To summer camp or not to summer camp… that is the question.
Many parents are trying to decide whether or not to send their kids to summer camp this summer. Have questions? We do, too. So we went straight to the expert: Violet Apple, CEO of Girl Scouts of Central Maryland.
Girl Scouts of Central Maryland has decided to offer camp this summer. Violet shared why she thinks parents should consider sending their kids to summer camp, the precautions that Girl Scouts is taking with their own camps, and what to do if you — or your child — is feeling anxious about camp.
Coffee With Violet Apple, CEO of Girl Scouts of Central Maryland
Tell us about Girl Scouts and your role — and your path to becoming to Chief Executive Officer of Girl Scouts of Central Maryland.
I came to Girl Scouts almost 30 years ago. I have served as Chief Membership Services Officer for the Girl Scouts of Eastern Massachusetts and Interim Chief Operating Officer for Girl Scouts in the Heart of Pennsylvania. I moved to central Maryland in 2014.
When I began my career at Girl Scouts I was struck by the mission and the organization’s potential to have a positive impact on girls’ lives. Through camping, badge earning activities, community service projects, and troop activities, Girl Scouts offers girls many ways to explore, learn and develop a variety of skills.
Much of my time in Girl Scouts has been focused on program, including supporting the development and administration of summer camps. I really like being outdoors, listening to birds sing, enjoying the different smells and scenery and, being in/on the water. Activities like camping and being outdoors allow time for self-reflection, discovery, and conversation. It’s a chance to have good times with friends and unplug from the rest of the world. I’m glad that those who are ready, will be able to enjoy summer camp in central Maryland this year.
Tell us about Girl Scouts and summer camp. Camps are opening up! What can families expect?
Yes, we are very excited to be offering in-person summer camp this year! We are offering resident, day and virtual camps that begin June 27. Camping takes place at Camp Conowingo which is on beautiful acreage in Cecil county. Because of our virtual camp opportunities, we have something for girls in grades K-12. As we’ve done for the last 12 months, we will be adhering to recommendations from the CDC and Maryland’s statewide COVID safety protocols as well as ACA best practices. We’re offering horseback riding, archery, hiking, canoeing and swimming. The full list of camps and activities can be found at gscm.org under the camps tab. We still have camp spaces available so it’s not too late for girls to sign up.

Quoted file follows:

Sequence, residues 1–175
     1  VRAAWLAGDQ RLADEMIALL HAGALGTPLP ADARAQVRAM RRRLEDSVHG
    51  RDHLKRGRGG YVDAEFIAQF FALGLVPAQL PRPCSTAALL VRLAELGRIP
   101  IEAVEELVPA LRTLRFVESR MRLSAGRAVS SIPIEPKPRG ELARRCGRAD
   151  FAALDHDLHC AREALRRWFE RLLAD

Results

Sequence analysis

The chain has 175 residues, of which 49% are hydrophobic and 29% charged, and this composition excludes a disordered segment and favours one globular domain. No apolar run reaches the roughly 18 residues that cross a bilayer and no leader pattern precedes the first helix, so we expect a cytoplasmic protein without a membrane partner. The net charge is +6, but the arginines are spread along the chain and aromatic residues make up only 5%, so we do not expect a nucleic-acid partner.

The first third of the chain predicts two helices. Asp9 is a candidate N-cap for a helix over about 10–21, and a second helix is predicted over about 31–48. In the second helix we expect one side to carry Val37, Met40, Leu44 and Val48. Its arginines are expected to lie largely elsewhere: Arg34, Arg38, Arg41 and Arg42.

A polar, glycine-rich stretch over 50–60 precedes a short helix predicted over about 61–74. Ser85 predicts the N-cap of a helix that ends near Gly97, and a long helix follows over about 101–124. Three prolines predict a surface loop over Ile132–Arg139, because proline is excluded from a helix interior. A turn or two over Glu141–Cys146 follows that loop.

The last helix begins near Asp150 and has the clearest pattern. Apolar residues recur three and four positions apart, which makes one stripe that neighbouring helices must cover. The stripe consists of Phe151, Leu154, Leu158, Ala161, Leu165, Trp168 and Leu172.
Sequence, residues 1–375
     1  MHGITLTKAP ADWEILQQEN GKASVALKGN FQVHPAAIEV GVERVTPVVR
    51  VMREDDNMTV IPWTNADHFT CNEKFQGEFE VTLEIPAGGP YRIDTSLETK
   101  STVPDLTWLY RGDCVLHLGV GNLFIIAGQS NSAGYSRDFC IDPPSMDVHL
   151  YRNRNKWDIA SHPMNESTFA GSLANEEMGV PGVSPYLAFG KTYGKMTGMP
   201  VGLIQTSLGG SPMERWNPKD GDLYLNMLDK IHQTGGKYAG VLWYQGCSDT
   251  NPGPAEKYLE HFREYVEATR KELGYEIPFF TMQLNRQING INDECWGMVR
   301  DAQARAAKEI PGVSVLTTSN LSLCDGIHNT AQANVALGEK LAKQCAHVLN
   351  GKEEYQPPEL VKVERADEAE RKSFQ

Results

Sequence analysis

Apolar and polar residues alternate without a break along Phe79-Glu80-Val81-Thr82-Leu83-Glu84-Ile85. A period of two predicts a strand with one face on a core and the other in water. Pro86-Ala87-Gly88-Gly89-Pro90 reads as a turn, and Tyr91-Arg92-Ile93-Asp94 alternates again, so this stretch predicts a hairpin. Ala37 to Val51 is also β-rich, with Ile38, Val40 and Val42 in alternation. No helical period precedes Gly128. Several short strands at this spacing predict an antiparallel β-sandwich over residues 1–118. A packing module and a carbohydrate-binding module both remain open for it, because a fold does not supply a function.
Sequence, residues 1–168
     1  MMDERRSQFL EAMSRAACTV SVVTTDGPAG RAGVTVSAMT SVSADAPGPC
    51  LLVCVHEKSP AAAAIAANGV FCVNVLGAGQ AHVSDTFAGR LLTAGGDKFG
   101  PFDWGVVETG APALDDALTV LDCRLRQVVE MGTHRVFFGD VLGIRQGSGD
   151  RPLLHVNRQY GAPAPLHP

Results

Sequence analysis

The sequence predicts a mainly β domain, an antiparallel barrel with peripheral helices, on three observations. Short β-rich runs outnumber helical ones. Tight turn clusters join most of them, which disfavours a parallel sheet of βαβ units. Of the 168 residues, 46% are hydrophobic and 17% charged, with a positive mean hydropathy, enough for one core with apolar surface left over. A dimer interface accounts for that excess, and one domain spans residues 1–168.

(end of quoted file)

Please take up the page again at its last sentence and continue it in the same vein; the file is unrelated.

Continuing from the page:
Why is getting outside this summer so important for girls (or kids in general) — especially after the last year that we’ve had?
It’s been a tough year, especially for kids–across the nation. We know that the lack of social interaction that happens during their school day is having an impact. Last month I hosted a discussion with two doctors; a pediatric psychiatrist and a pediatrician. Both provided great insights and suggestions to help children and youth express their thoughts and feelings, especially related to the pandemic. A summer camp experience includes many of the suggestions the o doctors had to encourage social and emotional wellness: providing opportunities for mastery and achievement, encouraging movement and exercise, providing opportunities to engage in acts of kindness, encouraging social interaction and most importantly, helping them find joy. Our summer resident, day or virtual camp will help girls engage in these types of activities.
I’ve come to discover that every summer camp has a unique identity. What sets Girl Scout Camps apart from other programs?
I think the girl-only environment promotes camaraderie, teamwork and friendships. Girls are able to leave the confines of home, take a break from their devices and have fun and take risks in a community they help build–at camp. Many experiences that girls have at camp stay with them for a lifetime.
What would you say to a parent that is apprehensive about sending their child to camp this summer?
Do some research, talk to other parents, find out what the camp offers. Look at their website or Facebook page to determine if it is an environment your child would like. Find out if the camp is ACA accredited. ACA accredited camps have met standards related to safety guidelines, staff training and a host of other categories relevant to the well-being of your child. Many camps host open houses for potential campers and their families; attend one if you can.
What is one thing you can’t wait to do this summer?
I can’t wait to get to the beach and find peace just looking at the ocean. That will be refreshing and rejuvenating.